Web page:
You'll note that this was the week following STEEM reaching its second all-time high, closing at the end of 4-23-2018 at $4.36 USD.

DATA SET 2—AUG. 31, 2018

Daily Accounts Transacting 2018-8-31.png
Daily Number of Votes 2018-8-31.png
Posts + Comments 2018-8-31.png
STEEM Chart 2018-8-27.png

Four months later, by the end of August, the number of accounts transacting had dipped into the lower to mid 50,000s, rather than the lower to upper 60,000s.

Daily number of votes dropped, too, with the amounts widening from a little over 70,000 vote fluctuation in a week to a little over 90,000. Low end came in at 631,804, with the high reaching nearly 723,000.

However, the category of the three that dropped the most precipitously was posts, falling to basically half of what they were four months ago. Note that the average comment per post held, and actually ticked up a bit.

This particular period of time was the last few weeks leading up to Hardfork 20, but it was also the last time STEEM value closed nearest $1.00 USD.

DATA SET 3—NOV. 1, 2018

Daily Accounts Transacting 2018-11-1.png
Daily Number of Votes 2018-11-1.png
Posts + Comments 2018-11-1.png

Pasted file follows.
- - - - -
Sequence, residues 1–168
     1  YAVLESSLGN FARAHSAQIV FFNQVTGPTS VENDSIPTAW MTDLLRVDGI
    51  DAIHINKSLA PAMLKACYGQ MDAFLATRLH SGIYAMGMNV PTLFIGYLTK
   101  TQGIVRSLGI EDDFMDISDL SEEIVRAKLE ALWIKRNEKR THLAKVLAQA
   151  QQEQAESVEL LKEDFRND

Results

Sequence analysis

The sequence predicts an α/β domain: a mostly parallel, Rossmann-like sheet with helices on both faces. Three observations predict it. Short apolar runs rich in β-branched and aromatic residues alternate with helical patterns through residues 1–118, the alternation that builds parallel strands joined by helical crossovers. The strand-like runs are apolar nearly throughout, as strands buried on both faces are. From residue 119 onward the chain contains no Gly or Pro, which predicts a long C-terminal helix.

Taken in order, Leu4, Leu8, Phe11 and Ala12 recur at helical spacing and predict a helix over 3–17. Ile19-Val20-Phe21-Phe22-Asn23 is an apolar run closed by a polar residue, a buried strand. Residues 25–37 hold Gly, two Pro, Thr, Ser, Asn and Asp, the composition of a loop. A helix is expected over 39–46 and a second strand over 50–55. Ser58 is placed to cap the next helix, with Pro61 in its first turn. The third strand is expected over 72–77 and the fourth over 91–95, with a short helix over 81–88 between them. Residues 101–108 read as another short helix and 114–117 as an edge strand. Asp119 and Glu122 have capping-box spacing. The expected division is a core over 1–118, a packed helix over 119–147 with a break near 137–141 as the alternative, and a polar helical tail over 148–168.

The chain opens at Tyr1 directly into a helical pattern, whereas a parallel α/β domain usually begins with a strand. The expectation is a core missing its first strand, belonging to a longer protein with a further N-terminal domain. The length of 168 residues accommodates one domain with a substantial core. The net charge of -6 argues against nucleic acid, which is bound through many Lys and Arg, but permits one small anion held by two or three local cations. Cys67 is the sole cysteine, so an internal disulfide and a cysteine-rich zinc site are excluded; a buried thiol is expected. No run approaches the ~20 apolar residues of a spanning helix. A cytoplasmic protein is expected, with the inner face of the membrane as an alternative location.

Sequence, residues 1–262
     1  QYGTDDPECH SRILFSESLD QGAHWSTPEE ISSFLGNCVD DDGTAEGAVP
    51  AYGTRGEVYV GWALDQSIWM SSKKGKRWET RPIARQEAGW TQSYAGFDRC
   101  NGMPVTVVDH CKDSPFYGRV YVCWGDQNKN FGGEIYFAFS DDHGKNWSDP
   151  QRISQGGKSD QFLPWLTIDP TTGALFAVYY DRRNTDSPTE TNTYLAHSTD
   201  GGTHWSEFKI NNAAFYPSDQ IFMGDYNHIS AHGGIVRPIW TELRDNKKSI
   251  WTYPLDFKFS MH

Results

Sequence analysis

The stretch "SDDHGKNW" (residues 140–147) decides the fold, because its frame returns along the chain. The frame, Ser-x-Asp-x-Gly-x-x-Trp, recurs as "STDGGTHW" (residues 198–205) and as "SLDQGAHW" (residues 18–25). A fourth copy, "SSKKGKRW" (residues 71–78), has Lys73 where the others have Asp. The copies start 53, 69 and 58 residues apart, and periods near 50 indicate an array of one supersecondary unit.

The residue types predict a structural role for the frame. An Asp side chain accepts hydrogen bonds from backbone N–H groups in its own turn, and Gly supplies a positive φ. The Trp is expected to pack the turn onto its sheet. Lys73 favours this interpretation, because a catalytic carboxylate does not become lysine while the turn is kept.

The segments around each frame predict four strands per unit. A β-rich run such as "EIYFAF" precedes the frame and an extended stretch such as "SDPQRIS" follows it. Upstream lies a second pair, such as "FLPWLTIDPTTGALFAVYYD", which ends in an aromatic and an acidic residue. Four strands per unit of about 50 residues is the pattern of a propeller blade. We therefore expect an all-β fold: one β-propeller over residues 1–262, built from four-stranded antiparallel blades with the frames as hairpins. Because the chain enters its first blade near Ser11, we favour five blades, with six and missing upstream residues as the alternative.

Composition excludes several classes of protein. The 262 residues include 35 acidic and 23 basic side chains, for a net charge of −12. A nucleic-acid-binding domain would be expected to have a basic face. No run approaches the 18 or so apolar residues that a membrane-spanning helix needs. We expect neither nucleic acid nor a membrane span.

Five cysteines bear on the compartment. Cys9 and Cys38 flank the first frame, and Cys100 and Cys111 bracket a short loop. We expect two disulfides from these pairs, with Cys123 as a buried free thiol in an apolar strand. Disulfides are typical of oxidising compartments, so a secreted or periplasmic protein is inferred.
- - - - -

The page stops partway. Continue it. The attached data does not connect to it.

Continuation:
STEEM Chart 2018-10-29.png

A year ago, after most of the dust had settled from HF 20, the amount of accounts transacting, despite the introduction of Resource Credits (RCs)—which hampered most of our ability to do much of anything for a period of time before the allowance was upped by a factor of 10—was pretty similar to what they looked like before the hardfork, though trending down a tad.

Meanwhile, the number of daily votes declined a little more, dipping below 590,000 on the low end, while not quite eclipsing 631,000 on the high. You'll not that paid bot votes continued to fall, in total and in percentage of votes.

Again, posts took a greater hit, sliding another nearly 32% from just two months prior. Average comments per post, as you'll see, stay more or less the same in this period.

DATA SET 4—AUG 16, 2019

Daily Accounts Transacting 2019-8-16.png
Daily Number of Votes 2019-8-16.png
Posts + Comments 2019-8-16.png
STEEM Chart 2019-8-12.png

This next data set fast forwards several months to mid-August of this year. The significance of this time period is that it is just before what would be not only one but two hardforks, but Hardfork 21 being the one to bear the Economic Improvement Proposal (EIP).

Nine and a half months from the last data set, the number of accounts transacting on a daily basis has fallen noticeably, barely exceeding 43,500 while dipping below 40,000.